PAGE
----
I quite like this one. It might be the snazzy colours biasing my opinion, but this is a good one.

Today is Canadian Thanksgiving. Today (and every day) I am thankful to live in a country and society where I am free to be a woman, to be able to freely practise my religion, and to be safe. I am also very thankful for great friends and family. And also for tea. And internet :)

Happy Turkey day to everyone!

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Happy Thanksgiving! I would have probably bought it for the tin myself.


I do love our country and society as well, and am also thankful for a wonderful place like steepster.

Roswell Strange

Happy Turkey Day! (PS. We should find a time to meet up and have tea; perhaps at Vintage Tea Room, now that I’m back living in Regina.)


Sounds good RS. Send me a PM!

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drank Les Nymphéas by Nina's Paris
853 tasting notes

I found this by surprise at Musee de l’Orangerie in Paris. Which BTW, everyone should go and see. It is a really small museum of impressionist and post-impressionist modern art. It is quite expensive to get in, compared to the not too much you get to look at, 9 euros. But, it houses Monet’s Waterlillies (AKA Nympheas). They are absolutely amazing to just sit and gaze at. Even if you are not an impressionist fan, I am not, but these are just a beautiful art peices.

Anyway, there is a little café/gift shop and they sell this tea! I totally stumbled on it by accident. I can’t find any history on this tea on any of the Nina’s Paris websites, US or EU, but it appears that this tea would have been created specifically for these paintings. As any one that has followed me for a while, you all know I am a big lover of Nina’s Paris. I was kind of disappointed I did not know about it before, this is something I totally would have picked up from Nina’s. It feels like it is this secret tea that only a select few know about. Kind of like Fete de Versailles (which is super delish).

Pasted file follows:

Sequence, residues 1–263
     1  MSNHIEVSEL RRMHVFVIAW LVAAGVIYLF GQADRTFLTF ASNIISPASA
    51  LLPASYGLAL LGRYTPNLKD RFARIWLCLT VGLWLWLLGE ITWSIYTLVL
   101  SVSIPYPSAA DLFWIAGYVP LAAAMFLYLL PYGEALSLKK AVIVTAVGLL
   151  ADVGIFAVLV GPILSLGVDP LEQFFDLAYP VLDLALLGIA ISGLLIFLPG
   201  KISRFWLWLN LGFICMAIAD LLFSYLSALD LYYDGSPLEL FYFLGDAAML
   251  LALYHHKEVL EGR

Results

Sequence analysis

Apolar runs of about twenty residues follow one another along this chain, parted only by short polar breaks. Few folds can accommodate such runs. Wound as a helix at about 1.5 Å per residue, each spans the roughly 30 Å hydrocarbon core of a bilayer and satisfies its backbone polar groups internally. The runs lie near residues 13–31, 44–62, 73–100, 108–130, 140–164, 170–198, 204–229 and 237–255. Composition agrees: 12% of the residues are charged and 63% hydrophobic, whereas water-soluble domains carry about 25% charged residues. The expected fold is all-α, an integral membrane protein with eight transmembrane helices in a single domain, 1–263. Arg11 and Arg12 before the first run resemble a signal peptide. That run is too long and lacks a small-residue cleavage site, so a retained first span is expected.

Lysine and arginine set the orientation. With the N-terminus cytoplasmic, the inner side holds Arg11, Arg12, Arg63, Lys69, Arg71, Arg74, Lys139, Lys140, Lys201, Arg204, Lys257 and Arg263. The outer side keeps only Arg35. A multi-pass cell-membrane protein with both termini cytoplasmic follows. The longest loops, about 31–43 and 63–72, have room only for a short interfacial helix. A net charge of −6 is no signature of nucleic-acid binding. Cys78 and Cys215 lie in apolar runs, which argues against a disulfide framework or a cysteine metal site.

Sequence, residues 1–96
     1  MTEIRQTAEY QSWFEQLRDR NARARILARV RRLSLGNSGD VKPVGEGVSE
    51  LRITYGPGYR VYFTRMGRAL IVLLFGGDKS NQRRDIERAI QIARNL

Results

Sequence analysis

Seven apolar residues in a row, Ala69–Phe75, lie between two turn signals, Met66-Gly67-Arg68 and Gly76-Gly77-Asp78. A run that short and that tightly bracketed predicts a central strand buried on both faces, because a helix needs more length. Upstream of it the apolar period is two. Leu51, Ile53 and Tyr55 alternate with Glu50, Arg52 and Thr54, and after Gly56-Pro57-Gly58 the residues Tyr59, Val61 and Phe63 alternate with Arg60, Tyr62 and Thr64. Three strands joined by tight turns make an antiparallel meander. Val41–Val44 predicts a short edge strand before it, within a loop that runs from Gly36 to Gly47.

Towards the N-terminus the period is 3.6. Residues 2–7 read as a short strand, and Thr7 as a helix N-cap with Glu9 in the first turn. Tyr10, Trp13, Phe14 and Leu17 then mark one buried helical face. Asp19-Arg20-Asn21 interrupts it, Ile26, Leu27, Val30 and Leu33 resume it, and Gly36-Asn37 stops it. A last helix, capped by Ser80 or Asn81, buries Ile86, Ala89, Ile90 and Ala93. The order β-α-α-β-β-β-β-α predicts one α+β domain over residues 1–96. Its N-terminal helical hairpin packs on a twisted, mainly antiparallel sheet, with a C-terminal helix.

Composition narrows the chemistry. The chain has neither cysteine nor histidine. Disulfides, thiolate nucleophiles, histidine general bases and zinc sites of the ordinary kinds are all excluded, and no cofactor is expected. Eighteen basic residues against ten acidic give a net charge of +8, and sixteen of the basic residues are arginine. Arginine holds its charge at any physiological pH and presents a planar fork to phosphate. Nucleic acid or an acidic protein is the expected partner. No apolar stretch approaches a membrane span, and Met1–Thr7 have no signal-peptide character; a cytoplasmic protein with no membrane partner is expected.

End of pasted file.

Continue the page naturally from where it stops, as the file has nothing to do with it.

Anyway, enough gushing and moving on to the tea. The ingredients list Sri Lankan black tea, apricot flavours and cornflowers.

The tea smells strongly of black tea with apricot perfume/scent. The tea brews up dark red-brown. It has the same apricot perfume/scent. The tea tastes like a moderate to strong bold black tea. There is a flavour of apricot. It is initially quite natural tasting but then if does fade into a bit of artificial flavour. It is also quite strong. The corn flowers make the tea taste quite thick but they are also quite strong in flavour. But I am wondering if that is just due to what got scooped up to brew.

I rarely do a second steep but I was too lazy to do a “new” steep, so I re-steeped this one. The second steep is actually better the first. The flavours just all blend together better.

I quite like apricot teas and have been on a quest to find the best black tea with apricot. Many of them come off just so artificial, or bitter, or the flavour doesn’t blend well with the tea. I think this blend does a good job.

This is a good blend. Not my absolute Nina’s favourite but I am still quite happy to have found it and to have tried it. Totally makes me feel like I am a member of the secret tea blend society :P

200 °F / 93 °C 2 min, 0 sec 1 tsp 8 OZ / 236 ML


Roswell Strange

Sounds like a wonderful tea and a wonderful art gallery!

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I am a lifetime tea lover.

I did foray into the world of coffee for a period of time, but I returned to my true love. I still, however, enjoy a good cup of java.

My all time favorite tea is Earl Grey, which I drink every morning, the stronger the bergamot the better. I definitely prefer natural oil of bergamot to artificial flavouring.

I mostly like black and dark oolong teas. My current favs are Fujian blacks, Keemun and Assams, and Wuyi oolongs. I gravitate towards anything with lychee in it. I also drink a lot of herbal blends but am wary of hibiscus. I do not favour mate, or pu’erh tea, although I have found a few blends that I like. (I so badly want to like straight pu’erh tea but it all tastes gross to me. I keep trying though). Rooibos, green and white teas fall somewhere in the middle. I find myself gravitating towards heavily roasted oolongs and teas from Paris/France based companies.

I love iced teas and cold brews.

My current tea goal is to make the perfect cup of chai from scratch – almost there…I think.

I am in love with the whole experience of tea.


Saskatchewan, CANADA